Bikes for Farmworkers has sold most of their reconditioned bikes, and is looking for more donations so they can continue to provide bikes to farmworkers still in need of transportation.
Founded in 2016, Bikes for Farmworkers, now an outreach project of Gateway Community Church in Virgil, is a volunteer organization that refurbishes donated bikes for hundreds of seasonal farmworkers each year.
A grant from the Niagara Community Foundation allowed them to set up workstations in the Virgil Public School basement in 2017, and buy the tools they needed.
For many of the workers, it’s their sole means of transportation during their time here, which can be up to eight months, says volunteer Ken Eden.
Since its inception, theorganization has put 2,185 refurbished bicycles in the hands of migrant workers, and done free repairs on 1,367 others.
It has already sold two-thirds as many bikes it did all of last year, says Eden. “We had a huge demand at the beginning of the year, and we had a pretty good inventory of good bikes ready to go. That pretty much got sold out in just a few weeks.”
One night, early in the season, they sold more than 50 bikes, he said.
Why they are seeing “such a huge demand,” he said, “we just don’t know.”
Last year the organization supplied 298 refurbished bicycles, and so far in 2022 has already sold 248, emptying their inventory of saleable bikes. They are now in dire need of more bikes to meet the demand.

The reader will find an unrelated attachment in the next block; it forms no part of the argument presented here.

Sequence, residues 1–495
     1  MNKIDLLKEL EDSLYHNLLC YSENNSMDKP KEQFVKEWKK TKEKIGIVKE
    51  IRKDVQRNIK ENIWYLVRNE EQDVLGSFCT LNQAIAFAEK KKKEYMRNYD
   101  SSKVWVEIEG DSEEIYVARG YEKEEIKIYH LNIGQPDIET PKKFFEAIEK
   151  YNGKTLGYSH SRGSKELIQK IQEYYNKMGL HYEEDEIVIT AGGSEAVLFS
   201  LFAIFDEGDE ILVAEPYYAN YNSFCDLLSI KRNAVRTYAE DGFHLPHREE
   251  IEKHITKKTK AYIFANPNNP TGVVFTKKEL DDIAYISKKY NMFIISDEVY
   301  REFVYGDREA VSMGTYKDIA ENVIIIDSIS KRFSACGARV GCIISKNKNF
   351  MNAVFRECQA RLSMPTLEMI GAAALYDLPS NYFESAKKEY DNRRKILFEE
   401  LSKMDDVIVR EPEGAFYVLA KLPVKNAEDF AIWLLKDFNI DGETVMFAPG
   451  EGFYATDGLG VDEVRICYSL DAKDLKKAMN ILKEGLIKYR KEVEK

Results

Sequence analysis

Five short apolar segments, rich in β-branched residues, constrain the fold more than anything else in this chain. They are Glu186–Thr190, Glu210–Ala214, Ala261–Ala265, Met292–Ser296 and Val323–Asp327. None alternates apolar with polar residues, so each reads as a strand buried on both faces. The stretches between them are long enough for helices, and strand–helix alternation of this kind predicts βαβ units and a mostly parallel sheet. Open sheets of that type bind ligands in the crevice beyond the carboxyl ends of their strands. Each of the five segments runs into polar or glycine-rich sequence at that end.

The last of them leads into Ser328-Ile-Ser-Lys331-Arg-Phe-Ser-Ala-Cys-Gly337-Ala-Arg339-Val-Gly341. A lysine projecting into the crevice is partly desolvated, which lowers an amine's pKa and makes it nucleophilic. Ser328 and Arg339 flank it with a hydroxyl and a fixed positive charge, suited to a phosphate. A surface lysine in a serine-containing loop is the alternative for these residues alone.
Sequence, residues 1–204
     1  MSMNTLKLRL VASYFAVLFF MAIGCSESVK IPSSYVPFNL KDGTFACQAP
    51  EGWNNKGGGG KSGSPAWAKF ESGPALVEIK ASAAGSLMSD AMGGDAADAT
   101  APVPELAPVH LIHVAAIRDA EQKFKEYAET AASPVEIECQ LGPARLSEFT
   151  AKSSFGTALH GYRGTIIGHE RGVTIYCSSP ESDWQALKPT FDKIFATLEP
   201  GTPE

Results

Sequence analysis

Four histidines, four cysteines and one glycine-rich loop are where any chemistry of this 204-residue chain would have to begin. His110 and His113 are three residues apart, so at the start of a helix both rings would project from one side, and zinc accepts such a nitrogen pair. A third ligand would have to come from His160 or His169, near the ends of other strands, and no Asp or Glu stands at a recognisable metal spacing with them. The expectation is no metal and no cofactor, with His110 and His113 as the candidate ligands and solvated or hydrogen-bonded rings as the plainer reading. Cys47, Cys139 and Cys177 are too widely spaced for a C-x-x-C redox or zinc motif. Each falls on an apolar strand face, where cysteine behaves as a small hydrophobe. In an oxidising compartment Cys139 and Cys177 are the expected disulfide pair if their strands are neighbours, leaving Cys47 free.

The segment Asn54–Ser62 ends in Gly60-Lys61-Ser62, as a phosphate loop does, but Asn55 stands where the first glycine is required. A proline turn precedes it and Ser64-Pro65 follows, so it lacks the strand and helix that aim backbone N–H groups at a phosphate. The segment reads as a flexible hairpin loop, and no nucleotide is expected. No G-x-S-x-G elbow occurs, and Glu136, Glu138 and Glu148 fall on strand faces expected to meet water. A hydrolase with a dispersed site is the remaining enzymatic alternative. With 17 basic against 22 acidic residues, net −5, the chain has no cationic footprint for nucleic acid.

Mark Gaudet and his friend Terry Weiner began refurbishing bikes for farmworkers in their garages, with their own money, in 2016. That year the men rebuilt a modest 40 bikes, which were either donated to farmworkers through a raffle at a local health fair, or sold at a small cost. Weiner, retired from a career as an aerospace engineering consultant and with some experience restoring old cars, knew how to fix a bike. Gaudet, who had worked in management for a paper company, had to learn from his friend.
Their second year, they repaired many more bikes donated from the community, with the help of a handful of volunteers who came on board— 270 were refurbished, and another 168 repaired. Gradually donations from the community helped to make their organization self-sustaining.
The volunteers called for donations of used bikes last fall, to work on over the winter and have them ready to go this season as workers arrived, and had almost 250 bikes refurbished and ready for sale.
“We thought they would last longer than they did. We ran out about 10 days ago,” Eden said late last week. “Most of the workers come in on Thursday night, but the last couple of weeks we haven’t had anything for sale.”
They are doing repairs instead for now, he said, and are hoping for more bikes they can recondition and put back into the system.
They are looking for donations of adult-size bicycles that are no longer being used, and could be refurbished to support local migrant farmworkers.
The volunteers are holding a bicycle drop-off on Saturday, May 28, from 11 a.m. to 2 p.m. at their shop in the former Virgil Public School, 1665 Four Mile Creek Road, at the corner of Field and Four Mile Creek Road.
The seasonal hours for the bike repair shop are Tuesday, 10 a.m. to 3 p.m.
To contact Bikes for Farmworkers, call Mark Gaudet at 289-783-1684, or Terry Weiner at 905-321-8638.